The more complex issues, however, arise on those regular occasions when decisions have to be reached from incomplete information -- most fundamentally, lbw (leg before wicket) appeals, which in all too many cases are still debatable even after the verdict has been reached.

Essentially, the naked eye of the on-field umpire has been replaced with the hawk-eye of ball-tracking software, but that is merely substituting one form of absolute authority for another. There still has to be an arbitrary tipping point between "out" and "not out" (and the International Cricket Council has debated at length where that point should be). Either way, if a batsman is dismissed or reprieved by 0.01 percent of a seam's width, or the slenderest of "snickometer" scratches, neither side is going to be 100 percent convinced by the verdict.

And we haven't even addressed the issue of "foreshortening" for disputed catches, when the process of projecting a 3D live event onto a 2D replay screen cranks open a brand new can of worms... -- Andrew Miller, ESPN Cricinfo

VAR is being gradually introduced into football by FIFA to bring it in line with other major sports.


More than a decade later, Hawkeye technology has eliminated almost all uncertainty in shots close to the baseline. The video replay system is fast and efficient, and allows players to challenge certain calls without getting angry with line judges or chair umpires.

It means that the combustible John McEnroe, Illie Nastase and Jimmy Connors would have little ammunition to yell at any of the authorities for a call they disputed.

In today's game, we see few incidents when it comes to line-calling conflicts. Of course, not every court is equipped with Hawkeye, but more and more facilities are implanting the technology.

But this technology goes beyond line-calling. Hawkeye technology has been innovative in its ability to track ball trajectory and speed. Players can now track their games with more tangible feedback.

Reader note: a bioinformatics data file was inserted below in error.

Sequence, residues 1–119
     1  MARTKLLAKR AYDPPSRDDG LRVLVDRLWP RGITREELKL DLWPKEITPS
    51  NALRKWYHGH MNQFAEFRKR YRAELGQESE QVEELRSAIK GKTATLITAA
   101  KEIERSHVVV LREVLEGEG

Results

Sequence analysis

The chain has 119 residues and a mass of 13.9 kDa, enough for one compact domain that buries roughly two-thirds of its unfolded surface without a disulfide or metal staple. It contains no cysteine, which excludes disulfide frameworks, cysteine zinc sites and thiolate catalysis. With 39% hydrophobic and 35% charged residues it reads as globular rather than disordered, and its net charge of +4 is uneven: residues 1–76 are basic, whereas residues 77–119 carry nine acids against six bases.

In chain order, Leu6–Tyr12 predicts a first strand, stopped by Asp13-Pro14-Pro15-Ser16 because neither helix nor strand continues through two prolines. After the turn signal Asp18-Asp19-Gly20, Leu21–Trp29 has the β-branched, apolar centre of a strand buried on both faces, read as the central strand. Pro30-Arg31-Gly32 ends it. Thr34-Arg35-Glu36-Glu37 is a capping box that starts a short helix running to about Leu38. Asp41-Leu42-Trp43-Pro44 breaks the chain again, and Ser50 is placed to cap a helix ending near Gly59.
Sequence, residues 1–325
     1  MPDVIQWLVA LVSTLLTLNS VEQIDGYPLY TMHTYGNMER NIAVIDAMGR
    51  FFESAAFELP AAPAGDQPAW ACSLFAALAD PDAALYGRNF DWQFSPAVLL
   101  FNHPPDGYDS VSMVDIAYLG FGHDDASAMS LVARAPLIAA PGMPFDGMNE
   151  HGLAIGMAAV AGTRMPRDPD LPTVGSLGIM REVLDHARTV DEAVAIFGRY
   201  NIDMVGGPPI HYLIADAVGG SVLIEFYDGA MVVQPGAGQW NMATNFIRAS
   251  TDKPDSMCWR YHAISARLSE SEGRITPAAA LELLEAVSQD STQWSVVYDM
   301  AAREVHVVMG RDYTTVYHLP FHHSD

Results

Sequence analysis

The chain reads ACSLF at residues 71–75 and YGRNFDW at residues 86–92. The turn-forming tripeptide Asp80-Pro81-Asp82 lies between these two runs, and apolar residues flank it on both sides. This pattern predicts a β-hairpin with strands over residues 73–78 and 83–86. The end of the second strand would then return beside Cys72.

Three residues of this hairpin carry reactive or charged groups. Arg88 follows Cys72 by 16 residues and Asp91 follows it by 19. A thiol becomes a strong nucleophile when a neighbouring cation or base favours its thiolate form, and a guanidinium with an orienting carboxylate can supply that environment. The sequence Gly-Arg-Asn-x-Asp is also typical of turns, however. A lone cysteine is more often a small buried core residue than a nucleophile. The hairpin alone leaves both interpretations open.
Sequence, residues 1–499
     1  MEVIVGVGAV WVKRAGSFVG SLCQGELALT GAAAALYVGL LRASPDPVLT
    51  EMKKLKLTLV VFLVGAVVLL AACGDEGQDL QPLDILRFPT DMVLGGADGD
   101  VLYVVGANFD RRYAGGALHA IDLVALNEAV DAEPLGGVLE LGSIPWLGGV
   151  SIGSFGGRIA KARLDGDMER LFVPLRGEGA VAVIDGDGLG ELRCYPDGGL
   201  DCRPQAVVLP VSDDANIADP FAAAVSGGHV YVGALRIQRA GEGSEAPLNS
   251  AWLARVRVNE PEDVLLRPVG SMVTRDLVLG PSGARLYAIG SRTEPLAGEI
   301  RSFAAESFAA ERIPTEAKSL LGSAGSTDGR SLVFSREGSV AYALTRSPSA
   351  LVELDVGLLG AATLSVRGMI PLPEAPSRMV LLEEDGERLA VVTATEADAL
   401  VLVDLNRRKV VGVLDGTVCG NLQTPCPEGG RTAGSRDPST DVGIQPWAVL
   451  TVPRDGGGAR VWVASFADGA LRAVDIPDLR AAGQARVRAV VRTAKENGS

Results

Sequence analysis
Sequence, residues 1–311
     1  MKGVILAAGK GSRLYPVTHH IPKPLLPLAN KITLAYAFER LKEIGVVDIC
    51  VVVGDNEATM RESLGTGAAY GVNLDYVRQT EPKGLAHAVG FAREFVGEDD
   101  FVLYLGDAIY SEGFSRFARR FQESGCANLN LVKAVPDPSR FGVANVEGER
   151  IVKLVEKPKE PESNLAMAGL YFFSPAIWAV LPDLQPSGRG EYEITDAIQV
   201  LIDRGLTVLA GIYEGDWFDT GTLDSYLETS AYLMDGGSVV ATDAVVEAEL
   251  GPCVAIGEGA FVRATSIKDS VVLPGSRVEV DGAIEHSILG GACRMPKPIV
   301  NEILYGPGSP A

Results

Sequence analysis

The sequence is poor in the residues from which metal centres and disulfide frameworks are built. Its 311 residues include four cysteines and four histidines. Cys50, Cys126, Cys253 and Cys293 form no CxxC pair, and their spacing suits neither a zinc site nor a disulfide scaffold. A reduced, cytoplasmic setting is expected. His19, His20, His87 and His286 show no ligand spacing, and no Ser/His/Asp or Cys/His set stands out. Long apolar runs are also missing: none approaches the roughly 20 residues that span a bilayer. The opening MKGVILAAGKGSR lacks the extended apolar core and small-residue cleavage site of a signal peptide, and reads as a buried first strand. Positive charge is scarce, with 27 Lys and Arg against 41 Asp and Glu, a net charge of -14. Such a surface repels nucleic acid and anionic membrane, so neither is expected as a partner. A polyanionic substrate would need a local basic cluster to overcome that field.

Tennis was late to the game in introducing video technology, but it seems everyone has benefited, whether on the practice court or in the heat of competition.

 -- Matt Wilansky


The NFL's replay review system unquestionably helps referees officiate games more accurately. In fact, the biggest criticism most fans have of it is its limited scope. Coaches can challenge decisions from a relatively small menu as defined in the NFL rule book.

The intent is to review objective calls: whether a catch was made, for example, or if a player was in or out of bounds. Referees, however, have the final say over subjective penalties such as pass interference or holding.

The idea is to correct objective calls when technology shows a clear and obvious mistake. In 2016, 345 plays were either challenged by coaches or reviewed by the replay official on site. Just over 43 percent were reversed. So that means the system saved the NFL from making 149 mistakes that could have impacted the outcome of games.

The league further refined the system this spring to centralize review decisions in its New York offices. This will allow for shorter stoppages in play and more consistent decisions across the board.

The system is far from perfect, and many games are still impacted by mistakes that cannot be reviewed by rule. But it is difficult to imagine the NFL without it, which is a testament to its important role in game administration. -- Kevin Seifert